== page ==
Monday, March 30, 2015

المستشفيات الحكومية في الاردن: تحليل ومقارنة الكلفة


قطاع المستشفيات الحكومية قطاع كبير الحجم والتمويل. فقد بلغت سعة المستشفيات الحكومية التابعة لوزاره الصحة في جميع محافظات الاردن 4468 سرير في العام 2013 بحسب بيانات وزارة الصحة. وبلفت ميزانية هذه المستشفيات في نفس العام 394 مليون دينار مقسومة بين 283 مليون دينار نفقات تشغيليه و 111 مليون دينار كنفقات راسماليه . وشكلت ميزانية المستشفيات الحكومية 54% من ميزانية الصحة كاملة في 2013 والتي تشمل ايضا ميزانية الاجهزة والمعدات والعيادات الخارجية وخدمات صحية عامة و البحوث والتطوير. اي ان ميزانية المشتشفيات هي حصرا في نفقات المستشفيات.  في العام 2013 تم ادخال 347929  مريض الى مستشفيات وزارة الصحة حيث قضوا مليون ومائة الف ليله بمعدل 3.2 ليله لكل مريض بنسبة اشغال اسرة تساوي 68%. وعليه يكون معدل الكلفة لكل ليلة مبيت في المستشفيات الحكومية 256 دينار عند حساب النفقات التشغيليه فقط و 356 دينار عند حساب النفقات الاجمالية.


كيف تقارن هذه الكلفه في المستشفيات الحكومية مع مستشفيات القطاع الخاص؟ كمؤشر يمكن النظر الى ارقام مستشفيين في عمان الغربية مدرجين بسوق عمان المالي مما يسمح بتحليل ميزانياتهما. المستشفيان يعتبران من افضل _واغلى_ مستشفيات الاردن وموجودان في اغلى منطقة بالاردن. مجموع اسرتهما 420 سرير. وقد بلغ مجموع عوائدهما في عام 2013 32 مليون دينار وحققا ربحا بقيمة خمسة ملايين دينار.


على فرض ان نسبة اشغال الاسرة في المستشفيين الخاصين كانت اقل بعشرة بالمائة من نسبة الاشغال في المستشفيات الحكومية يتبين ان معدل ما دفعه المرضى في المستشفيين 336 دينار لكل ليله فيما تكون كلفة المستشفيين 284 دينار لكل ليلة. واذا افترضنا نسبة اشغال للاسرة في المستشفيين الخاصين مساوية لمعدل نسبة الاشغال في المستشفيات الحكومية ينخفض معدل ما دفعه المرضى في المستشفيين الى 303 دينار لكل ليله فيما تكون كلفة المستشفيين 255 دينار لكل ليلة. طبعا تشمل كلف المستشفييين الخاصين _المستندة الى ميزانيتهما_ استهلاك الاستثمارات الراسماليه  وبالتالي يمكن مقارنتها مع الكلفة الاجمالية في المستشفيات الحكومية.

اذن _و تقديرا_ فان معدل كلفة اغلى مستشفيات خاصة في الاردن لكل ليلة مريض اقل من معدل كلفة المستشفيات الحكومية ب 28% (356 دينار مقابل 255 دينار وهي كلفة المستشفى الخاص بدون الارباح). طبعا نتذكر انه _على الاغلب _ فان كلفة المستفيات الخاصة لا تشمل اجور اطباء الاختصاص والذين يتقاضون اجورهم خارج فاتورة المستشفى. وعليه لربما تكون معدل الكلفة الكاملة متقاربة بين المسشتفيات الخاصة والعامة. مع اننا نقارن مستشفيين خاصين من اغلى مسشتفيات الاردن مع معدل الكلفة في مستشفيات الحكومة في محافظات الاردن كافة.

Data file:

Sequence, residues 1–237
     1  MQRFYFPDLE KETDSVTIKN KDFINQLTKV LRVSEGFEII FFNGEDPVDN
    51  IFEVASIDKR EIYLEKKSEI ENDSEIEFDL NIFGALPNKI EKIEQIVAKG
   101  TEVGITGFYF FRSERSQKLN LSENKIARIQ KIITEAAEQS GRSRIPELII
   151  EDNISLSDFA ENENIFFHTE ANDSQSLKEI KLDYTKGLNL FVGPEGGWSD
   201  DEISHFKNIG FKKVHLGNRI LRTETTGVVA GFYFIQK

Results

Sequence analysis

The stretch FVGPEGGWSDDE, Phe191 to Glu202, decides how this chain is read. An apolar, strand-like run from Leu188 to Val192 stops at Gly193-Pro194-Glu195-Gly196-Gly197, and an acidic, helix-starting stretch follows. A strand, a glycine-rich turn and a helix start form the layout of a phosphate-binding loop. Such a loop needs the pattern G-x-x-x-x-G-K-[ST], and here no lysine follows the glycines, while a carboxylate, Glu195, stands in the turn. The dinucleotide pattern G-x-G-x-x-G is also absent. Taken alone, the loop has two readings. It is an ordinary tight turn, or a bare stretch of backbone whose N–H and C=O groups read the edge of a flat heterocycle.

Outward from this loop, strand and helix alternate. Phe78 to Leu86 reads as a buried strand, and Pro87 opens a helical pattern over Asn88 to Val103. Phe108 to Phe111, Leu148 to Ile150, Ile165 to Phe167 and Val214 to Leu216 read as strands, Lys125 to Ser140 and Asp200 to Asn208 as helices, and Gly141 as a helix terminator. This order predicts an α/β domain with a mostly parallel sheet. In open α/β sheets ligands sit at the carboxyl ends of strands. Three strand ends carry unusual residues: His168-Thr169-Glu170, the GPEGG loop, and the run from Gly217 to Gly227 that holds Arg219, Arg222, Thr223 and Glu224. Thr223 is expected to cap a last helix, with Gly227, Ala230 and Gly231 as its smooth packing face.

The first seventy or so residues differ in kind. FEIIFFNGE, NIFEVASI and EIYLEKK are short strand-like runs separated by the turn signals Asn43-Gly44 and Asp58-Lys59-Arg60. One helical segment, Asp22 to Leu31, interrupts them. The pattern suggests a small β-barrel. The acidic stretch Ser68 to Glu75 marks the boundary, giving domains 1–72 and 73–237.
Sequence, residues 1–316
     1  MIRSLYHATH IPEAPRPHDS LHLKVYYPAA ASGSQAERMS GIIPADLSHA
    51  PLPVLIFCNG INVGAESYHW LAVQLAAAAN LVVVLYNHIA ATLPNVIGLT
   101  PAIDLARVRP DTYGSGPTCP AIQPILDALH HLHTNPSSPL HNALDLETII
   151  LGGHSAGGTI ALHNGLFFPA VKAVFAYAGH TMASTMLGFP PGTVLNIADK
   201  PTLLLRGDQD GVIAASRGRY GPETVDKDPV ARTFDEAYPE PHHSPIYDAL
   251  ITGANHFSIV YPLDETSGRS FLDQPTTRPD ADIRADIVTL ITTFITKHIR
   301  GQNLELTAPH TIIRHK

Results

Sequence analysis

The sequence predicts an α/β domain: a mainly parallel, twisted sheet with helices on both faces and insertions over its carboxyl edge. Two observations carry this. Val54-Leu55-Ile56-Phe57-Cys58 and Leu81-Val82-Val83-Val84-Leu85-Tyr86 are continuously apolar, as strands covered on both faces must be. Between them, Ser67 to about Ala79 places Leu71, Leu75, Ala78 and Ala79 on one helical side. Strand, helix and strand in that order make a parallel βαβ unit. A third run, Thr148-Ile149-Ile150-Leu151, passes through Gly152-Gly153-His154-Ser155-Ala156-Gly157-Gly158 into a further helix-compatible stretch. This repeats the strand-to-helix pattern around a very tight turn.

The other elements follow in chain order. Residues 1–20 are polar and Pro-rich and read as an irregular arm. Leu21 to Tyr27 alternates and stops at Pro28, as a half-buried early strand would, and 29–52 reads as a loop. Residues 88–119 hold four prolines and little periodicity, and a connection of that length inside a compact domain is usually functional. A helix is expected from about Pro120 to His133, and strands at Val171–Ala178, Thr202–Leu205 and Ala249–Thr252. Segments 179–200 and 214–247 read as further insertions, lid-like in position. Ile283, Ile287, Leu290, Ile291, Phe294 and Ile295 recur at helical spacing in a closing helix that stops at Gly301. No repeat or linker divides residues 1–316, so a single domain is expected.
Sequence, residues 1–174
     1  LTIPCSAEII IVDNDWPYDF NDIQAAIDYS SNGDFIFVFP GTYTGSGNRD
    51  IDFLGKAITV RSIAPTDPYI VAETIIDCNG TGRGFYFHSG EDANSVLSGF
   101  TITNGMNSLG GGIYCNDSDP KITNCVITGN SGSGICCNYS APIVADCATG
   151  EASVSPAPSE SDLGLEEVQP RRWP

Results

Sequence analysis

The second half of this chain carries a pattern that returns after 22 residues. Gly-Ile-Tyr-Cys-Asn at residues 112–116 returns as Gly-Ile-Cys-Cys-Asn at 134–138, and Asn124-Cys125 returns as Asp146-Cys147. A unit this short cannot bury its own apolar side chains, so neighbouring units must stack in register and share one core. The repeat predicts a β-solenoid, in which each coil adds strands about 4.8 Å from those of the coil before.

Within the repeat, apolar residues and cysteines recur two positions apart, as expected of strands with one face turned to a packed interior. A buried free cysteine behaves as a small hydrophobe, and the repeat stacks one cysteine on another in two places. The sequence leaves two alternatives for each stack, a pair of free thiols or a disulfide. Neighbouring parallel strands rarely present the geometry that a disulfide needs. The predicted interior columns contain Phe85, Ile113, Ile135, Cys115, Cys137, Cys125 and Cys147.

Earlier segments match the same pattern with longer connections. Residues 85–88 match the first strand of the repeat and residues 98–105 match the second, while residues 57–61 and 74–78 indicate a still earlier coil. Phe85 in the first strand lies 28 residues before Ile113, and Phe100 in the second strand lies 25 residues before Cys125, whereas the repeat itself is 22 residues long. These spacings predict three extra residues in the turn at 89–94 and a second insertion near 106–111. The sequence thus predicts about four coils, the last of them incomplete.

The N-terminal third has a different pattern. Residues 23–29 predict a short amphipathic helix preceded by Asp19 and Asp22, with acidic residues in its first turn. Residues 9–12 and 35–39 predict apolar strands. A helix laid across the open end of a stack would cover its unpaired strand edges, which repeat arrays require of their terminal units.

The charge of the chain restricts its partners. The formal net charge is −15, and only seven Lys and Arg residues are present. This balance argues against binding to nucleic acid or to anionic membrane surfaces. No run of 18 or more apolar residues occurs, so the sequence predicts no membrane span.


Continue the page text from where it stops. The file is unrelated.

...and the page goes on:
لا يختلف اثنان ان الخدمات التمريضية وخدمات النظافة في المستشفيات الخاصة افضل بمراحل منها في مستشفيات الحكومة. هذا مع ان معدل الكلفة متقارب جدا بين القطاعين. وقد يقول قائل _خاطئا_ ان السبب هو ان القطاع الخاص احسن دوما. هذا غير صحيح: الفرق الرئيسي هو ان مستشفيات القطاع الخاص تشتغل في ظل منافسة حقيقية فيما لا منافسة في قطاع المستشفيات الحكومي. فاي مستشفى خاص لا يقدم خدمات مقبولة سيخسر زبائنه المرضى لمستشفيات اخرى تقدم خدمة مقبولة. المستشفى الخاص يعمل لجلب الايرادات كل عام فيما في مستشفيات الحكومة الرواتب والنفقات مضمونة الدفع مطلع كل عام في ميزانية الحكومة. ولو كانت المستشفيات الخاصة بدون منافسة حقيقية فستسؤ خدماتها ايضا لا محالة.


الضروري في القطاع الصحي الحكومي هو _بداية_ معالجة النظرة الخاطئة والمستشرية (من قبل المرضى وطواقم المستشفيات على حد سواء) التي تعتقد ان الخدمة الصحية المقدمة مجانية. فالخدمة الصحية الحكومية ليست مجانية ابدا بل غالية الثمن يدفعها دافع الضرائب الاردني بمستويات تقارب ما تحصله المستفيات الخاصة شاملا ارباحها! وكون المريض لا يدفع لا يعني ان لا احد يدفع.


كذلك تبين هذه الارقام ان الحلول الناجعة لا تكون دوما بزيادة الانفاق. في حالة القطاع الصحي الاردني الممول جيدا،  الاولوية يجب ان تكون لمعالجة قلة الكفاءه والهدر في المسشتفيات الحكومية مع التفكير بحلول ابتكارية قد يكون منها تعريض المستشفيات الحكومة لضغوط المنافسة عبر اعطاء متلقي الخدمة الصحية فرصة اختيار المستشفيات التي يتعالجون بها وربط تمويل المستشفيات الحكومية مؤشرات اداء تنافسية.

Thursday, March 26, 2015

Jordan’s daily print newspapers: Under pressure

Jordan’s print newspapers are in a tough spot, with little hope for a turnaround for their classical business model.

The print newspaper industry in Jordan is under stress. Al Rai –Jordan’s largest daily newspaper- and ADDustour – one of Jordan’s oldest newspapers- both reported continued losses in 2014. Al Rai’s net loss widened by 153% in 2014, and reached 2.63 million JDs, up from 1 million JDs in 2013. For its part, ADDustour managed to reduce its loss in 2014 92% to stand at 322,000 JDs, down from 3.8 million in 2013. Cumulative losses have shattered Shareholders’ equity in Addustour which was a mere 49% of paid up capital by end of 2014. Addustour newspaper is currently facing a severe cash flow problem. 

The two newspapers suffer from declining revenues and pressured margins. The combined advertising revenues of the two newspapers steadily declined between 2010 and 2014. Total advertising revenues of the two newspapers reached 25.4 million JDs in 2010 and collapsed by 30% to 17.8 million JDs in 2013. 

Circulation revenues (from newspaper sales and subscriptions) are also in a steady decline. Total circulation revenues of the two newspapers were 2.48 million JDs in 2013 compared to 3.65 million JDs in 2010. A drop of 32%. Al Rai reported further drops in the first three quarters of 2014 while ADDustour detailed revenues for 2014 are not yet available.



The cases of Al Rai and ADDustour are indicative of the massive challenges facing traditional print media in Jordan at large. The drop in advertizing and circulation revenues is most probably caused by a combination of slower economic growth in the country as well as the increasing adoption of broadband Internet and smart phones in the country. Jordan’s fixed and mobile Internet account penetration (total subscriptions divided by total population) reached 25% in 2014. This suggests that some 40 to 50% of Jordanians are Internet users. These increasingly rely on the Internet for their news consumption. Online classified ads, social media and ecommerce also chip away at the utility of print advertising.